By the way, yesterday was the first day in months that I didn’t touch my computer – completely glorious!

  9. “heaven. Fucking glorious, in excelsis Deo-style heaven. It’s release after tension, explosion after accumulation, fabulous belch after McDonald’s Extra Value Meal #9.”
    I love your way with words. No bullshit.
    1) Perhaps what you’re looking for are reminders that life really is worth living. I call them Pink things (you can read more here
    2) Go to and check them out. They are auspicious symbols said to bring happiness, long life and prosperity to the flag planter and those in the vicinity. For example the Snow Lion represents the body and mind synchronized with a youthful vibrant energy of goodness and a natural sense of delight. I’ve got these placed strategically through-out my house and I’ve found them to be very helpful reminders of the way I would like to be, even when I fall short.
    Lastly, I offer you this,
    I strive to be an instrument for change,
    To express a positive influence,
    To show appreciation for this opportunity to interact peaceably with my friends,
    To sustain myself with the knowledge that my actions and intentions are worthwhile and ultimately fruitful,
    To create a positive vibration,
    I live for peace.

    (notice I wrote an instrument “for” change, not “of” change)
    less pressure that way ;)
    I hope this helps. xoxo

  10. First a reply to Anne — bless your heart, I know exactly what you are feeling. Sher’s books have also helped me in ways, but I also always suspect that they might be “enabling” me in some way. “Jack of all trades; master of nothing” will probably be written on my tombstone.

    Colleen– thank you again, very “meaty” post, but in a good way. Every once in a while I am struck by noticing that normal people actually take entire days centered around pleasure, relaxation etc, and it hits home hard.
    Also for clutter issues, I swear by an annual following of the book Apartment Therapy — the 8 week home cure has changed my life.

  11. Oh, thank you for all the sweet support and excellent suggestions.

    Including yours, LPC, which has really gotten under my skin. Which, as we all know, is a really good thing.

    Also, I didn’t bring it up in the post (probably b/c I am overworked!), but Deb’s suggestion of an accountability group or partner has been the thing that’s brought my overwork to my attention, and responsible for me implementing the few relaxing things I am actually doing. So there’s that.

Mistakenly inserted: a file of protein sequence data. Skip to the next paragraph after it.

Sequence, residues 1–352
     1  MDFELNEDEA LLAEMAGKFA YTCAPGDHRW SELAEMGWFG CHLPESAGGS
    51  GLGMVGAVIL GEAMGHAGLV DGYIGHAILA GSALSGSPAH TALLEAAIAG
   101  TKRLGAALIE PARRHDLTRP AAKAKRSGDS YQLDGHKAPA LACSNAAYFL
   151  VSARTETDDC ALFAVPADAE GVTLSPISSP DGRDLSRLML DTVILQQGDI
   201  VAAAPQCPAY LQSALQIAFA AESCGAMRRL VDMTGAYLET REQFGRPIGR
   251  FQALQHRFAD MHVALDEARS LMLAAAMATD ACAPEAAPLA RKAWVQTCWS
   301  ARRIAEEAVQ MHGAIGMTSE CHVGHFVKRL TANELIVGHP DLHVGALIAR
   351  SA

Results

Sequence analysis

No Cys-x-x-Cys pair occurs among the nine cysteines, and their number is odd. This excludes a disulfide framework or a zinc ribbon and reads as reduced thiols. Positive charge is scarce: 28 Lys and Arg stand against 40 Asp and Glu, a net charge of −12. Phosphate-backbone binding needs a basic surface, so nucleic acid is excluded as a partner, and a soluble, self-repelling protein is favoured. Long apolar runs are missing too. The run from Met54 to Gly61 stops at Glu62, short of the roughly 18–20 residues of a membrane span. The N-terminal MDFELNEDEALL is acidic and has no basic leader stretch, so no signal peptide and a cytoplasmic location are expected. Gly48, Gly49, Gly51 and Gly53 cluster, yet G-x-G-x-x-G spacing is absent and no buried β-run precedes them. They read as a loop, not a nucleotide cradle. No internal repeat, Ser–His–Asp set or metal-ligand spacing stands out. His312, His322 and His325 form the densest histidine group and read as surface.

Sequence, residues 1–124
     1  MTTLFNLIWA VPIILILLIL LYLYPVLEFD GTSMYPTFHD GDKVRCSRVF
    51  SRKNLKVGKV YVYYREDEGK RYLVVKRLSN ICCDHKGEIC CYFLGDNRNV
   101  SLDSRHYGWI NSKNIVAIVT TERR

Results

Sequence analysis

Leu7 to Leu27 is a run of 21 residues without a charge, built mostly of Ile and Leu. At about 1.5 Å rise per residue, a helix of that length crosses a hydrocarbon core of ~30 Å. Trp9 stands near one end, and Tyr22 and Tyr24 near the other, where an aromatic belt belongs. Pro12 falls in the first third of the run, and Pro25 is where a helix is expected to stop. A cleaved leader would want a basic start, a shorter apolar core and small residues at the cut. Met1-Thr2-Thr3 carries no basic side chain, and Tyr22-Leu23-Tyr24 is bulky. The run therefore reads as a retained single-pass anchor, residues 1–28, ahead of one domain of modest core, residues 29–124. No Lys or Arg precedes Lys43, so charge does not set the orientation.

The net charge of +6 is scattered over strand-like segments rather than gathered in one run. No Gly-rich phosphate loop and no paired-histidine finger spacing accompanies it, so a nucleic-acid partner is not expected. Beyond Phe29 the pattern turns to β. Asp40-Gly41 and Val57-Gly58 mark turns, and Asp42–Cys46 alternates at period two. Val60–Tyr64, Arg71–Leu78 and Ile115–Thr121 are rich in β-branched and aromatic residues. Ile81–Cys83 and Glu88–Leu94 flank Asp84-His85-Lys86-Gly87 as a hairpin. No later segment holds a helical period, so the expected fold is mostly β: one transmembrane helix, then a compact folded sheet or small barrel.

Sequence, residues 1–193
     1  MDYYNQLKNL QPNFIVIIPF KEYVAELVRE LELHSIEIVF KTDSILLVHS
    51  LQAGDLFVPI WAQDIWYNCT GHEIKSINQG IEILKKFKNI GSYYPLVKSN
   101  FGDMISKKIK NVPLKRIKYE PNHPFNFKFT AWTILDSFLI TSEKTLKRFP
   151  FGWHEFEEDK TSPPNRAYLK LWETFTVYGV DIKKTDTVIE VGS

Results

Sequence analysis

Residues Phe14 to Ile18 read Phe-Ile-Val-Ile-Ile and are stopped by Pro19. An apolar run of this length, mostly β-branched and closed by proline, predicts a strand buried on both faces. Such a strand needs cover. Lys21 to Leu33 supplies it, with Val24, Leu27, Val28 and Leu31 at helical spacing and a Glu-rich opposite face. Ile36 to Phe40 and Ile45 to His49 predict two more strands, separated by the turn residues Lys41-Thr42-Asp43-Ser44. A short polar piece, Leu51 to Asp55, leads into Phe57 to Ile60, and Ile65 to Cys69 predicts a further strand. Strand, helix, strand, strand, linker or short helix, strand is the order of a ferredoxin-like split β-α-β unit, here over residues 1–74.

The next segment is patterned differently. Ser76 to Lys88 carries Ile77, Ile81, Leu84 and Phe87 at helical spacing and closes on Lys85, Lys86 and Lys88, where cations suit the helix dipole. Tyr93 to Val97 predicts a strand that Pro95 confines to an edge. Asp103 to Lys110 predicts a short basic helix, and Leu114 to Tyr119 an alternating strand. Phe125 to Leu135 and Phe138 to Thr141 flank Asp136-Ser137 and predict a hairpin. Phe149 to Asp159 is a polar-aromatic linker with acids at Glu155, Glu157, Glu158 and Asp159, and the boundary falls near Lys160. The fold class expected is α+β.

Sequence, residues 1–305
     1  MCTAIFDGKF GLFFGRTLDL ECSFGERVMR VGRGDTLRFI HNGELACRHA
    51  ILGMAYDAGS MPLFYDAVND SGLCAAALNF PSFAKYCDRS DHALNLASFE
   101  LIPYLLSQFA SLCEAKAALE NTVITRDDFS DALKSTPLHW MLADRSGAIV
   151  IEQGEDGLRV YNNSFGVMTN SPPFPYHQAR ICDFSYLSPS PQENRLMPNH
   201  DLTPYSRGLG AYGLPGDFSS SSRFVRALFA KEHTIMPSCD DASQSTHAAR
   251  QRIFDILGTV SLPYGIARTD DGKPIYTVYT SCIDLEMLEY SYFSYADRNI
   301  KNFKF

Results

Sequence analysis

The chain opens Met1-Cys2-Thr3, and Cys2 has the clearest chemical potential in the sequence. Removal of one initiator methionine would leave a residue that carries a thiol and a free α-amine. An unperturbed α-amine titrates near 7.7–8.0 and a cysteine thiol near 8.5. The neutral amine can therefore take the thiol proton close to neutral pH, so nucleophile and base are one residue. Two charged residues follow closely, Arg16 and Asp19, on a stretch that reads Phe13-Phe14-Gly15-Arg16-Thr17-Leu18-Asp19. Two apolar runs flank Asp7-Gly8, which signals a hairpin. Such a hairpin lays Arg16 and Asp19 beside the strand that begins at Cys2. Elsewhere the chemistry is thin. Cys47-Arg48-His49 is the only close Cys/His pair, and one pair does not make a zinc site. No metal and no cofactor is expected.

And I’m going to fish Apartment Therapy out of the giveaway pile right now, LIJ.

  12. You rock, C. Even when you’re nuts, you’re great.

    I think a part of the madness we face in this life is the simplistic promise that’s spewed by over-enthusiastic marketers and naive authors: that a solution, once discovered, leads to eternal bliss. Poppycock.

    Take surfing, for example. Surfing is awesome. Looks amazing, feels amazing… but there’s not a moment of equilibrium in the entire thing. It’s constant imbalance, managed well. And, as I’m sure LPC would point out, all done in the name of fun.

    Working out your balance, then, when it comes to the work/siesta dance, is (imo) about going back and forth between Big Picture and Little Picture thinking: awareness of your trajectory in life, along with good systems to handle the minutiae. Surfing through life can’t be all about Life Purpose stuff, or we asphyxiate in the clouds. And if it’s all about time management, then we grind ourselves to a pulp.

    Big Picture includes fun, hard-ass work, purpose, friends, recreation, health, and all that stuff. We’ve got to focus on that stuff, or life gets stale, sucky, and empty. Little Picture stuff is organization, systems, scheduling, and cleaning under your fingernails. We’ve got to focus on that stuff, too, or nothing gets done.

    (geez, this isn’t a comment, it’s an e-book! from one virgo to another, I s’pose…)

  13. I laughed so hard when I read this that I woke up my 5-year old in the other room. I fear it will be THAT kind of day.

    I am a Business and Life Coach with a penchant for, go figure, coaching. Less so the other crap that gets in the way of said coaching, like admin, research, accounting blah blah blah.

    I have a wondrous accountability partner…but here’s the fun part: we’ve added a work swap component. We get so stoked about each other’s businesses that her list of crap is more interesting than my list of crap (BTW, LOVE that we say crap here, a lot). So we knock off two hours per week of stuff neither one of us can bear to do for ourselves, but willingly do for the other.

    Pretty darned clever, huh?

  14. Tanya – that’s BRILLIANT!! I love that you guys work on each other’s crap! Fantastic!

    Where can I find one of those??